Metabolix opens EU office, products in home improvement stores
Metabolix Inc., a bioscience company focused on developing clean, sustainable solutions for plastics, chemicals and energy, announced the opening of its new office in Cologne, Germany. Located in the BioCampus Cologne life science park, the space will enable the company to directly access the European market for biopolymers and will serve as a coordination point for its regional initiatives in renewable chemicals. The new office marks the first expansion for Metabolix outside of the U.S. and will coordinate business development, customer service and technical support to business partners and biopolymer customers based in Europe.
“Countries in the European Union are keenly focused on sustainability initiatives and are taking decisive steps to drive the adoption of green alternatives to conventional plastics and chemicals,” said Richard P. Eno, president and CEO of Metabolix. “Opening a German office in an area of thriving life science innovation will put Metabolix in a central location to serve the needs of our customers and business partners.”
Metabolix’s new office opened its doors on April 16. For more than 100 years, plant-based pharmaceuticals have been produced at the site of BioCampus Cologne, which was established in 2002 and is currently one of the largest biotechnology parks in Germany. The park is home to approximately 20 life science companies, including Bayer HealthCare, Sanofi-Aventis and Direvo.
According to the Freedonia Group, global demand for bioplastics is expected to more than triple through 2015, with Western Europe remaining the largest consumer of bioplastic materials. With more than 700 issued and pending patents, Metabolix has led the industry in the development of a family of biopolymers called PHAs (polyhydroxyalkanoates). Metabolix’s technology platform has led to the development of a line of biopolymer resins marketed under the trademarked Mirel and Mvera brands, as well as the development of biobased industrial chemicals as drop-in replacements for petroleum-based products.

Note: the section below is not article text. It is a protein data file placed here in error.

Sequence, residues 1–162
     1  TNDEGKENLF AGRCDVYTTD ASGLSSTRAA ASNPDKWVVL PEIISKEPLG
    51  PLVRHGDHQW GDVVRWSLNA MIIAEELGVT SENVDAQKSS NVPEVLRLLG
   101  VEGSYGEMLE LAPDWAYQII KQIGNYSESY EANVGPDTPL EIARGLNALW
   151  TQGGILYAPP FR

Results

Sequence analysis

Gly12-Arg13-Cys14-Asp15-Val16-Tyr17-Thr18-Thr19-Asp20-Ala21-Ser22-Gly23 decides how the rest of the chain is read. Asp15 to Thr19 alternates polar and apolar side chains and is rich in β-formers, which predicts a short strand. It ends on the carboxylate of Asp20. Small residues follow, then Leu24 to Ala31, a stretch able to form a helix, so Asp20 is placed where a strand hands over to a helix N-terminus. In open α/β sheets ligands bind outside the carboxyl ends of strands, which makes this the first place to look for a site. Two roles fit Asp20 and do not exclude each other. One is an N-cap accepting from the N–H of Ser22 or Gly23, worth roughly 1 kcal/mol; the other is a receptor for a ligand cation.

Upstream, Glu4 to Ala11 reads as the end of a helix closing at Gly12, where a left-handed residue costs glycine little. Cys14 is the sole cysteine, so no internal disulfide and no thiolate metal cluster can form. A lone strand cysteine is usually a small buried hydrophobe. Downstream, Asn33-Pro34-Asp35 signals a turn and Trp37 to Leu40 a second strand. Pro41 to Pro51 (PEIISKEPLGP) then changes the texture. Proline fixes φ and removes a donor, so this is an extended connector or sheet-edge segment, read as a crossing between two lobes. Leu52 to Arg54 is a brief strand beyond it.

The Mirel and Mvera brands share the physical properties of petroleum-based resins for performance and durability and can be processed on existing equipment with similar productivity and post-processing techniques. The difference is that Metabolix biopolymers display unique biodegradability properties. Mirel is certified to biodegrade in soil and water environments, as well as home composting and industrial composting facilities. Mvera is a certified compostable film grade biopolymer intended for industrial composting. Metabolix biopolymers represent a distinctive solution as a high-performance bioplastic alternative. Metabolix’s customers have demonstrated use of PHA biopolymers in agriculture/horticulture, compost and organic waste diversion, marine/aquatic, sustainable packaging and consumer goods applications.
In recent months, Metabolix has produced biobased gamma-Butyrolactone (“GBL,” a C4 chemical) at semi-works scale (60,000L) and has produced biobased acrylic acid (a C3 chemical) at lab scale. The company is actively moving these processes towards commercial scale targets. According to industry sources, the current combined global market for conventional four-carbon and three-carbon industrial chemicals is estimated at more than $10 billion annually. C4 chemicals are used in applications ranging from high-performance engineering plastics to spandex. C3 chemicals have applications in paints, coatings, diapers and adhesives.
In other company news, Metabolix and Ball Horticultural Co. announced arrangements with Floral Plant Growers and Costa Farms to make Mirel-based biodegradable SoilWrap plant containers available at Home Depot and Shopko stores located across the Midwest and Northwest (through Floral Plant Growers) and at Lowe’s Home Improvement stores in Florida, Georgia and South Carolina (through Costa Farms).
Ball’s SoilWrap plant containers biodegrade naturally in soil. Its innovative design promotes fast plant growth and eliminates transplant shock by immediately bringing roots in direct contact with soil. Once planted in the garden, SoilWrap degrades by becoming food for beneficial soil microbes.